Canadian History in the Twentieth Century

Assessment/Evaluation Techniques

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Assessment/Evaluation Techniques

  • formative assessment of the comparison chart

  • summative evaluation of student’s presentation regarding their evaluation of free trade


  • Students are given a modified version of the sources to read.

  • Peer helpers can read the documents and highlight the main points

  • The scenarios can be told with visual aids such as monopoly money and bring in samples of products could be used to illustrate the main points.

  • The rationale for the free trade vote can be given orally.

  • Have ESL “buddy” with another student.


Approved classroom textbooks

“CBC News In Review”

Bowker, Marjorie. On Guard For Thee: An Independent Review of the Free Trade Agreement. Voyageur Publishing, 1988.

Crispo, John, ed. Free Trade: The Real Story. Gage Publishing, 1988.

Sheridan, E.F., ed. Love Kindness: The Social Teaching of the Canadian Catholic Bishops. The Jesuit Centre for Social Faith and Justice, 1991.

Canadiana Encyclopedia. CD-ROM.

Local Chamber of Commerce

Web Sites

North American Free Trade Agreement


Appendix 5.2.1 – Canada’s Bishops Enter Free Trade Debate

Appendix 5.2.1

Canada’s Bishops Enter Free Trade Debate

From the perspective of the Church’s social teachings on human work and the preferential option for the poor, for example, we need to ask some probing questions:

  • Will a free trade deal create more permanent jobs or will it result in more plant shut-downs and worker layoffs in certain sectors of our economy? Will those workers affected be mainly women?

  • Will it serve to erode some of our universal social programs here in Canada because of the demand to compete with those US states that have adopted lower social welfare standards?

  • Will it undercut the capacities of small farmers to fulfill their vocation as authentic food producers in our society by eliminating marketing boards considered to be “unfair practices”?

  • Will it serve to undermine the role of labour unions and collective bargaining rights in Canada because of competition from those US states that have adopted anti-union right to work legislation?

  • Will it result in an even greater flooding of Canada’s market with US television media, publications, and entertainment, thereby generating further assimilation to the American culture?

  • Will certain federal assistance programs for regional economic development have to be reduced or removed to ensure free market exchange, thereby having a devastating impact on poorer provinces and regions?

  • Will it end up limiting significant trade relations with Third World nations striving to serve the basic needs of the poor majority in their countries, because Canada has become locked into a North American continental market?

  • Will a free trade deal serve to increase Canada’s economic and political dependency on the United States, thereby further restricting the possibilities of Canada exercising a more independent foreign policy for justice and peace in the world?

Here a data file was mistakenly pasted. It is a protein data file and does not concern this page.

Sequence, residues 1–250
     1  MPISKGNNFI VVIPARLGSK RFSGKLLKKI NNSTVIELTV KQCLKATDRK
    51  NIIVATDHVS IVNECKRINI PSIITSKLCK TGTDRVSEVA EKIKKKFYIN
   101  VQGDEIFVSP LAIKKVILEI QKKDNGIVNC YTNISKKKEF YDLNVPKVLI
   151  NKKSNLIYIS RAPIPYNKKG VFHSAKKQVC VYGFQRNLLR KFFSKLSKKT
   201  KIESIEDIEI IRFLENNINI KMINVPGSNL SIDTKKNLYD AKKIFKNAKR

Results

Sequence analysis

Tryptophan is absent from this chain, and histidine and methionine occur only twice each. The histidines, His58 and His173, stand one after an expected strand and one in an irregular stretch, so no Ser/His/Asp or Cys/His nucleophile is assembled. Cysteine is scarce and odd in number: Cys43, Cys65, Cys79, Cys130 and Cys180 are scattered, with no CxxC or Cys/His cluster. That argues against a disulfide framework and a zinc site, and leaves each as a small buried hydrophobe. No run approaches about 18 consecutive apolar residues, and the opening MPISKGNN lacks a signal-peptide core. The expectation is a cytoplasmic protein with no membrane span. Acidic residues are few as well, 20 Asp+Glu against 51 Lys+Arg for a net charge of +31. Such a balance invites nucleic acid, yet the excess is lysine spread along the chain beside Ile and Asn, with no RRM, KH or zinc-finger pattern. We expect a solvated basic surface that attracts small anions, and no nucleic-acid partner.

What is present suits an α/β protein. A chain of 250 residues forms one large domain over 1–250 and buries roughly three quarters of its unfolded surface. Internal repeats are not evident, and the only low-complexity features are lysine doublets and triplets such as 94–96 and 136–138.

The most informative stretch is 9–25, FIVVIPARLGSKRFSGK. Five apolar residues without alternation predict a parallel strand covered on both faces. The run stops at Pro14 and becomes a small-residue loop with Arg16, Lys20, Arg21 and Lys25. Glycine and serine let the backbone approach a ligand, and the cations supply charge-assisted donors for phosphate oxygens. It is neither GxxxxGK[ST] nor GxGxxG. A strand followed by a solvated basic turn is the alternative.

(Adapted from “Free Trade: At What Cost?” in Love Kindness: The Social Teaching of the Canadian Catholic Bishops, 1991)

Activity 3: Aboriginal Issues

Time: 150 minutes


In this activity, students study the long standing relations between Canada’s First Nations and the government of Canada. Students examine Aboriginal issues that have become prominent in the later part of the twentieth century. They examine and attempt to present solutions to crisis situations that caused tension among Canada’s population. This examination is done in light of the Church’s teaching on respect for different peoples and the use of non violence to resolve disputes.

Strand(s) and Expectations

Ontario Catholic School Graduate Expectations: CGE1d, 1i, 2c, 3d, 4f, 5b, 5e, 5g, 7g.

Strand(s): Change and Continuity; Citizenship and Heritage; Methods of Historical Inquiry

Overall Expectations: CCV.01, CHV.01, MIV.02, MIV.04.

Specific Expectations

CC1.05 - assess the impact of demographic and social changes on Aboriginal communities;

CH1.03 - describe the contributions of Aboriginal peoples in forming national organizations to gain recognition and rights for Aboriginal peoples;

MI2.01 - use school and public libraries, resource centres, museums, historic sites, and community and government resources effectively to gather information on Canadian history;

MI2.02 - use technology effectively when researching Canadian history topics;

MI4.01 - make reasoned generalizations or appropriate predications based on research;

MI4.03 - expresses ideas and arguments in a coherent manner during discussions and debates or in graphic displays;

MI4.04 - demonstrate after participating in dramatizations of historical events, insights into historical figures’ situations and decisions.

Planning Notes

  • Obtain samples of Aboriginal literature with the assistance of the teacher-librarian.

  • Secure a class set of Bibles and Catholic Catechism.

  • Reserve a copy of “CBC News In Review,” August, 1990 for research in Step 5.

  • Reserve the computer lab for Internet research.

  • Prepare art materials such as construction paper, markers, coloured pencils, glue, and scissors.

  • Find the name of the local Member of Parliament (MP).

  • Prepare maps locating the New Brunswick fishing dispute, Nisga land claims, and Oka.

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